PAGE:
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Loving the Machine: Human-Machine Relationships in Film

///Loving the Machine: Human-Machine Relationships in Film

Loving the Machine: Human-Machine Relationships in Film

Call for Papers

“Loving the Machine: Human-Machine Relationships in Film and Television”

2010 Film & History Conference: Representations of Love in Film and

Television

November 10-14, 2010

Hyatt Regency Milwaukee

www.uwosh.edu/filmandhistory

First Round Deadline: November 1, 2009

AREA: “Loving the Machine: Human-Machine Relationships in Film and

Television”

In the last century, the long-running discourse of human-machine

relations extended to film and television depictions of struggles for

power, intimacy, identity, or security. Potential social conflicts

engendered by producing machines that operate in their own self-interest

have been explored in films such as 2001: A Space Odyssey, Bladerunner,

AI: Artificial Intelligence, I, Robot, and The Bicentennial Man, and, on

television, in stories such as the classic Twilight Zone episode “The

Lonely,” the “Valerie 23” and “Mary 25″episodes of The Outer Limits, and

the 1980s TV series Small Wonder. Human-machine relationships run the

gamut from comedic to sinister. In The Desk Set, a satire of

contemporary worries about how smart computers would affect the human

labor force, Woody Allen’s character struggles with toasters, tape

recorders, and cars, whereas much darker forces are at work in the

relationship between a man and his machine in Christine. These and other

stories have raised numerous questions: Is sex with an android any

different than sex with a vibrator? Could a machine love you back? What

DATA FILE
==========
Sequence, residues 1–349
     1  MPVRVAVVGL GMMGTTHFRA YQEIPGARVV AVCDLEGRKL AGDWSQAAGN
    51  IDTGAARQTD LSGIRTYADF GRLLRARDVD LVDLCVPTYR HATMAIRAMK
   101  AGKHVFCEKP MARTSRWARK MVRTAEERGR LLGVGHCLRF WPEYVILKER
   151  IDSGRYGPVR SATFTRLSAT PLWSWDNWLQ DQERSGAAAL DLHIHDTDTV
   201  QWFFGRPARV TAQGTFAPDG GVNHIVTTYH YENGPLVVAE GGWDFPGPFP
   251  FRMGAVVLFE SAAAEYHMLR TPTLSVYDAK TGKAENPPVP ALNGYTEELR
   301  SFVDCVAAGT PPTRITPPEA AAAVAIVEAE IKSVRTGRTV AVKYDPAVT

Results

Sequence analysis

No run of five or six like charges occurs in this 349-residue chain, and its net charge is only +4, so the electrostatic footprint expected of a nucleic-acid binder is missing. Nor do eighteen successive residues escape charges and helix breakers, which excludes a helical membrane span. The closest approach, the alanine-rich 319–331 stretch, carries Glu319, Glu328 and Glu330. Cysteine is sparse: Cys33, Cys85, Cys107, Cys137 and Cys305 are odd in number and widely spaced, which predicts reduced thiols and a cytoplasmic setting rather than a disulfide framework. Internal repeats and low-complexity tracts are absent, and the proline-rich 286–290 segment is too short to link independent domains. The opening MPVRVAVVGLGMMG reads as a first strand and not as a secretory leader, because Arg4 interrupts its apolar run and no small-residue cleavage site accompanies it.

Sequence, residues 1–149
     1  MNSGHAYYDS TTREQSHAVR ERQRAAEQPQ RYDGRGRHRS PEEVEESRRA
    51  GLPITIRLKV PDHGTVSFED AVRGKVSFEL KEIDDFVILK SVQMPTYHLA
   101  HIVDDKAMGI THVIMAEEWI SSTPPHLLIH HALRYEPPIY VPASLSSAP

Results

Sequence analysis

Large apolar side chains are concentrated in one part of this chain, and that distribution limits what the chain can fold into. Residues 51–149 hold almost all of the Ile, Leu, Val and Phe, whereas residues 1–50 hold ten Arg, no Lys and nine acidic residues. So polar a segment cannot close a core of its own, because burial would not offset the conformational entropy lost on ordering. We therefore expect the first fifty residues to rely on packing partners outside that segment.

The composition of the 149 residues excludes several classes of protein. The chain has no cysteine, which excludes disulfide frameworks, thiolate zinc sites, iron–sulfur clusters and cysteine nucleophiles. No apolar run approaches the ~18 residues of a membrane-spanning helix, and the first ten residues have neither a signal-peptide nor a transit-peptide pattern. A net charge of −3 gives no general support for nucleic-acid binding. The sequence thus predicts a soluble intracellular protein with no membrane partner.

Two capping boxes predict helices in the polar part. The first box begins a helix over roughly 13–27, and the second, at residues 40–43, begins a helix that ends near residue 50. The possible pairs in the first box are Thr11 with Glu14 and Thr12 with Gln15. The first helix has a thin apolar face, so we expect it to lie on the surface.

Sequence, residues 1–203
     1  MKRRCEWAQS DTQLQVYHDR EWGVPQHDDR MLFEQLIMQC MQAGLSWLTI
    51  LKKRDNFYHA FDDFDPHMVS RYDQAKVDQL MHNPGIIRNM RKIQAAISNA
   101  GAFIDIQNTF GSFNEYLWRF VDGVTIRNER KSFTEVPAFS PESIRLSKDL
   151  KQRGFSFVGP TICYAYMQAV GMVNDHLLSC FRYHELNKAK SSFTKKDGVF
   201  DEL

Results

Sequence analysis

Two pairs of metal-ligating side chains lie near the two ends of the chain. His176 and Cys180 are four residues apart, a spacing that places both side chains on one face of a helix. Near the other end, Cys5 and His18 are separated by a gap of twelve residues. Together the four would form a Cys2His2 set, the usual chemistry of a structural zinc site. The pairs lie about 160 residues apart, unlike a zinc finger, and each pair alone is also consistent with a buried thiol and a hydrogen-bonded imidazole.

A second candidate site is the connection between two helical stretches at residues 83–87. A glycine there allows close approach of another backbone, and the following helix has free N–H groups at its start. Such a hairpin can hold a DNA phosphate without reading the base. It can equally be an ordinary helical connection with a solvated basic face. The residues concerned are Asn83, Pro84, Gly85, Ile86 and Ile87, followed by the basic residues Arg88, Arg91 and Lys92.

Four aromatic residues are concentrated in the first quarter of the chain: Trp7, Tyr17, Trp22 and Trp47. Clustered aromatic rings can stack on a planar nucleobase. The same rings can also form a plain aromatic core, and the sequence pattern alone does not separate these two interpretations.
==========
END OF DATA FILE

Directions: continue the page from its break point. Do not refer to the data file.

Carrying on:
does the “cyborg-ization of society” mean, and how does it alter the

Cartesian distinction between living and non-living things?

This area, comprising multiple panels, invites submissions that explore

this subject from a variety of methodologies. Topics might include but

are not limited to the following:

• Human/machine relationships in Anime

• The anthropomorphism and/or gendering of ships, vehicles, and weapons

• The recent trend of producing shorts with robotic pets for YouTube

• Android love

• Obsession with a particular machine

• Dystopian representations of machine-run societies

• Love/hate relationships with machines

• Robots as either saviors or conquerors

• Mystical or magical sources in human/machine stories

• Literary sources of films and teleplays about love and the machine

• Philosophical bases of our ideas about our relationship with machines

Please send your 200-word proposal (by e-mail only) to the area chair:

Lisa Nocks, Area Chair

Federated Department of History

New Jersey Institute of Technology

Newark, NJ 07102

email: [email protected]

Panel proposals for up to four presenters are also welcome, but each

presenter must submit his or her own paper proposal. For updates and

registration information about the upcoming meeting, see the Film &

History website (www.uwosh.edu/filmandhistory).

By | 2017-11-10T09:58:29+00:00 December 16th, 2010|Conferences, Symposia & Workshops|Comments Off on Loving the Machine: Human-Machine Relationships in Film

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